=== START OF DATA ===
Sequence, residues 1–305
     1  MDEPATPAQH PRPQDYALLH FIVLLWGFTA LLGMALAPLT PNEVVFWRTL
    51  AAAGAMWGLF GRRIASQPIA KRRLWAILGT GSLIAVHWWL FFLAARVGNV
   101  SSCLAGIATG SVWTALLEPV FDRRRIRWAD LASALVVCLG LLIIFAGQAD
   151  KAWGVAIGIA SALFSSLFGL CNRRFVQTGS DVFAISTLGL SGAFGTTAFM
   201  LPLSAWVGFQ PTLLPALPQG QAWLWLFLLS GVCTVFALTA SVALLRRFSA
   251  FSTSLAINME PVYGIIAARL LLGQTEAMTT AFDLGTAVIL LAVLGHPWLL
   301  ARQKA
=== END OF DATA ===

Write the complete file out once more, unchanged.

Sequence, residues 1–305
     1  MDEPATPAQH PRPQDYALLH FIVLLWGFTA LLGMALAPLT PNEVVFWRTL
    51  AAAGAMWGLF GRRIASQPIA KRRLWAILGT GSLIAVHWWL FFLAARVGNV
   101  SSCLAGIATG SVWTALLEPV FDRRRIRWAD LASALVVCLG LLIIFAGQAD
   151  KAWGVAIGIA SALFSSLFGL CNRRFVQTGS DVFAISTLGL SGAFGTTAFM
   201  LPLSAWVGFQ PTLLPALPQG QAWLWLFLLS GVCTVFALTA SVALLRRFSA
   251  FSTSLAINME PVYGIIAARL LLGQTEAMTT AFDLGTAVIL LAVLGHPWLL
   301  ARQKA